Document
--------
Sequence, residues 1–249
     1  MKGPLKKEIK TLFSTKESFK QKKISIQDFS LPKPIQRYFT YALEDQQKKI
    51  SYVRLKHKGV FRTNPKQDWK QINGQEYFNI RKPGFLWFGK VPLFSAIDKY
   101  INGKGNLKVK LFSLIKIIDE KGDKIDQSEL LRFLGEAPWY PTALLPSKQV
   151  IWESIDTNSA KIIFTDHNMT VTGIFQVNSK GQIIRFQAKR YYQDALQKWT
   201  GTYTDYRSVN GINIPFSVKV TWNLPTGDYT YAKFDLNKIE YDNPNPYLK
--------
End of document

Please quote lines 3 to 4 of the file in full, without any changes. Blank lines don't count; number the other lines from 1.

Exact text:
    51  SYVRLKHKGV FRTNPKQDWK QINGQEYFNI RKPGFLWFGK VPLFSAIDKY
   101  INGKGNLKVK LFSLIKIIDE KGDKIDQSEL LRFLGEAPWY PTALLPSKQV